How serious are the Fijians about cargo proas and green shipping? I took someone down to the slip to see what could be done about cutting up and removing the sand barge. He glanced at it, said, "No problem", turned around and said "What I want to talk about is the production factory." There is ~100m x 75m of flat land (currently a flourishing taro patch and 2 cargo proa sheds) and he wanted to know what a cargo proa building factory, with class rooms to teach modern and traditional sailing, building and navigation, a full width slipway, offices, maritime museum and an innovation and testing space would look like. Fortunately, Steinar is good at this sort of stuff and came up with a preliminary sketch. Everybody is pretty excited. The sand barge is still there, but hopefully not for long.
The students continue to delight. Drum roll (hollowed out log and 2 sticks, beaten fast) at 5.30am. I get up, make a pot of coffee and watch the sun rise while they sing hymns: a lovely way to start the day. When I lend them my tools (I an pretty sure my little sledge hammer was instrumental in the demise of the pig we had for dinner last night), they are always returned, often in cleaner condition.

I have built a lot of boats in the garage of various houses I've lived in, often upsetting the neighbours in the process. Here, when I start work, my neighbors turn up to see what is going on and offer to help. Refreshing.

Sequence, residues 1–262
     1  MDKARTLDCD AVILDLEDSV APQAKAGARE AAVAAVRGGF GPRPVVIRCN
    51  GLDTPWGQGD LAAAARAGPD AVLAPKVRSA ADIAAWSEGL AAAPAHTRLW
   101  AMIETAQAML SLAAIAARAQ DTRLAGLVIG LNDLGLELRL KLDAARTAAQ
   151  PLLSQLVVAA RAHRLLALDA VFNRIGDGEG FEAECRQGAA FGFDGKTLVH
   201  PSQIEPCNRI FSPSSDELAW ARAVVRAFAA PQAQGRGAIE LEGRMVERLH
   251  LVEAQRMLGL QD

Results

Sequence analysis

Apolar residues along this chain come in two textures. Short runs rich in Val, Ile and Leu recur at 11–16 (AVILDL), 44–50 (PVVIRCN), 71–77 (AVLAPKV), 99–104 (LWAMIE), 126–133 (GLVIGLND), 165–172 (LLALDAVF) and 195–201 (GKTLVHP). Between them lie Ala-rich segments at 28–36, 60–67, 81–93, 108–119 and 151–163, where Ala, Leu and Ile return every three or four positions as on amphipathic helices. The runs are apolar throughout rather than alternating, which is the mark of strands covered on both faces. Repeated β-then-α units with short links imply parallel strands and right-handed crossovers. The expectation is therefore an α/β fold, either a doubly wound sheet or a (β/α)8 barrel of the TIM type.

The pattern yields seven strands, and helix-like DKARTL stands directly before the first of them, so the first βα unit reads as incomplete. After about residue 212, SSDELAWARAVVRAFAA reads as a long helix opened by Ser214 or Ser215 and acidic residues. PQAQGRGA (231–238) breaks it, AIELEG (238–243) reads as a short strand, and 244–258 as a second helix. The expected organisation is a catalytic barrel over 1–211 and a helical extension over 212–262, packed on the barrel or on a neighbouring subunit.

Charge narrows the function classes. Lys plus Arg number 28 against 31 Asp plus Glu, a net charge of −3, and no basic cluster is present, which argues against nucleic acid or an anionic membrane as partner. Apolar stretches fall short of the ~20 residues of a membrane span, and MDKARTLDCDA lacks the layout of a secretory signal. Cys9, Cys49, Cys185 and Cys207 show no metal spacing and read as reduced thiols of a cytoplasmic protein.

A couple of days after my birthday, I was asked to visit the carpentry workshop. The guys had built me a tool box, turned it into a great big birthday card. The art and sign writing is all free hand with a texta. The artist is going to go to work on the cargo proa if/when I stop grinding bits off it.
Next update (mid July) should be a PR ripper.

More pics are at https://www.facebook.com/Harryproa/?ref=page_internal
and will be at
Cargo Ferry Prototype – Harryproa in a day or so.
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Old 13-06-2022, 03:08   #14
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Re: 24m/80' cargo proa arrives in Fiji

Really cool stuff, Rob. As always. Thank you for sharing.